In the late 1950s, the Philadelphia pharmaceutical company Smith, Kline and French introduced a product called Dexamyl as a weight loss remedy that eliminates the emotional causes of overeating. By 1961, it was the most commonly prescribed amphetamine product, with one-third of all amphetamine prescriptions being written for weight loss.

Widespread consumption of amphetamines made their negative health consequences more evident in the 1960s. After decades of amphetamine-related psychosis cases, it was believed that the drug unmasked latent schizophrenia or other preexisting psychiatric issues in the patient. In 1958, British psychologist Philip Connell proved that amphetamine psychosis could happen to anyone if they are given enough of the substance.

Evidence also emerged that amphetamine was a drug with a high potential for addiction, yet the prescription rates for amphetamines did not significantly decline until the 1970s when new laws restricted its prescription.

Although the first amphetamine epidemic was thought to be influenced by the pharmaceutical industry, the current amphetamine epidemic has been induced by the recreational drug fad and a rise in the amount of attention deficit prescriptions that contain amphetamine. In 1995, the consumption of these drugs had more than quintupled. By 2005, it had exceeded the first epidemic’s peak.

When someone has an Adderall use disorder and an eating disorder, it’s referred to as a co-occurring disorder. Co-occurring disorders should be treated simultaneously for effective treatment. The first step of comprehensive treatment for co-occurring disorders often begins with developing a detox plan for the person to quit taking Adderall safely.

Treatment won’t be as effective if the person continues use of Adderall or keeps participating in the same behaviors of their eating disorder. Some of the side effects of withdrawal from Adderall can be dangerous, that’s why it’s important to develop a plan for a medical detox at a treatment facility. After detoxing from Adderall, patients can begin treatment which typically involves therapy for eating disorders. 

The patient engages in therapy for their Adderall use and eating disorder. In addition to therapy, some facilities offer nutrition counseling and treatment programs to teach patients how to address unhealthy behaviors like excessive exercise, binging and purging, or not eating at all.

The type of therapy that is used to address the patient’s addiction and co-occurring disorder is chosen based on their:

  • Mental health diagnosis
  • Overall health and social needs, like family relationships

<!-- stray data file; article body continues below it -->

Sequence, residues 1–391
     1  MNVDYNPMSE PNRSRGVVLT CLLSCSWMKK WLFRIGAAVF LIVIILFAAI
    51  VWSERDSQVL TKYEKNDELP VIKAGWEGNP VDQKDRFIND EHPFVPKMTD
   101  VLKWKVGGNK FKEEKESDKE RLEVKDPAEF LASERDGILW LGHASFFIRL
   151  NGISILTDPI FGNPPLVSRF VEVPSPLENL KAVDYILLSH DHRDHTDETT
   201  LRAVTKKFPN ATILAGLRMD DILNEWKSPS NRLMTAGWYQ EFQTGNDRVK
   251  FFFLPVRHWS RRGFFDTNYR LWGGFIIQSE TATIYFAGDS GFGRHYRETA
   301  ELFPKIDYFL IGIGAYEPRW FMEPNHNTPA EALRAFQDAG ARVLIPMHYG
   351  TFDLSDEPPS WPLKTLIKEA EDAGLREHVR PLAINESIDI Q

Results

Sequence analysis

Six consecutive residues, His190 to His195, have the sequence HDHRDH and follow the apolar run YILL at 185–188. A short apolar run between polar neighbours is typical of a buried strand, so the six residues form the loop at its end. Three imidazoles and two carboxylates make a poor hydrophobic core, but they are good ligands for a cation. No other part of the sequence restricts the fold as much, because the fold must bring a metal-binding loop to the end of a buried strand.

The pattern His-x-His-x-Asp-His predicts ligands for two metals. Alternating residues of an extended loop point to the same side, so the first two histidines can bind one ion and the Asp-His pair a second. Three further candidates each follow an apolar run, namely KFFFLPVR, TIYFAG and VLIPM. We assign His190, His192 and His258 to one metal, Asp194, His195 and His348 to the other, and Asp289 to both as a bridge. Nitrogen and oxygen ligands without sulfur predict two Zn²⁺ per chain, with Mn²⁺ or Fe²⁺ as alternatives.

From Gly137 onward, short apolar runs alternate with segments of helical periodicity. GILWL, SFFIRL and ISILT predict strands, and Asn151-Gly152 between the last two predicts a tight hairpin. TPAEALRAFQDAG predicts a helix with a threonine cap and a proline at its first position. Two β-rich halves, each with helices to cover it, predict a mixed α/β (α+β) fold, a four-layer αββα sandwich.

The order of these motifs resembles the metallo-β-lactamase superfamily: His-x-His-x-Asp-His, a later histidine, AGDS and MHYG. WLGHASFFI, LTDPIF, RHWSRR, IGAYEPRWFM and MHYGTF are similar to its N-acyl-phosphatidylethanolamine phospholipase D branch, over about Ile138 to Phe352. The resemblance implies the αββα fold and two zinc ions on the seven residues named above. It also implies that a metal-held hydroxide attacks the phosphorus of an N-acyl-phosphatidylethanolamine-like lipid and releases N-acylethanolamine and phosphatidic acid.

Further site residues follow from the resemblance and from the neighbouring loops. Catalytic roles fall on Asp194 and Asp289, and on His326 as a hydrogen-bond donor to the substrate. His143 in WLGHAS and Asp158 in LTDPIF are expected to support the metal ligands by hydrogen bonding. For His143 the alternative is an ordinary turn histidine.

• Goals for recovery
  • Potential threats to sobriety like any underlying behavioral disorders, learning disabilities, physical disabilities and chronic disorders

Each patient’s treatment plan should be individualized to best meet that person’s specific disorders. By addressing co-occurring disorders, treatment will likely be more effective for the patient because they’ll learn how to overcome their addiction and manage the urges as well as the symptoms of their eating disorder.

Some important facts to remember about eating disorder and Adderall include:

  • Adderall has a high addiction risk
  • People with an eating disorder like anorexia or BED may be at a higher risk of developing an Adderall addiction
  • Someone with an Adderall addiction can also be at a higher risk of developing an eating disorder
  • It’s important to treat an Adderall use disorder and an eating disorder at the same time to avoid setbacks.

If you or someone you know struggles with Adderall use and an eating disorder, help is available. At The Recovery Village, a team of professionals design individualized treatment plans to suit patients’ specific needs for substance use and eating disorders treatment. Call and speak with a representative to learn which program could work for you.

Medical Disclaimer: The Recovery Village aims to improve the quality of life for people struggling with a substance use or mental health disorder with fact-based content about the nature of behavioral health conditions, treatment options and their related outcomes. We publish material that is researched, cited, edited and reviewed by licensed medical professionals. The information we provide is not intended to be a substitute for professional medical advice, diagnosis or treatment. It should not be used in place of the advice of your physician or other qualified healthcare provider.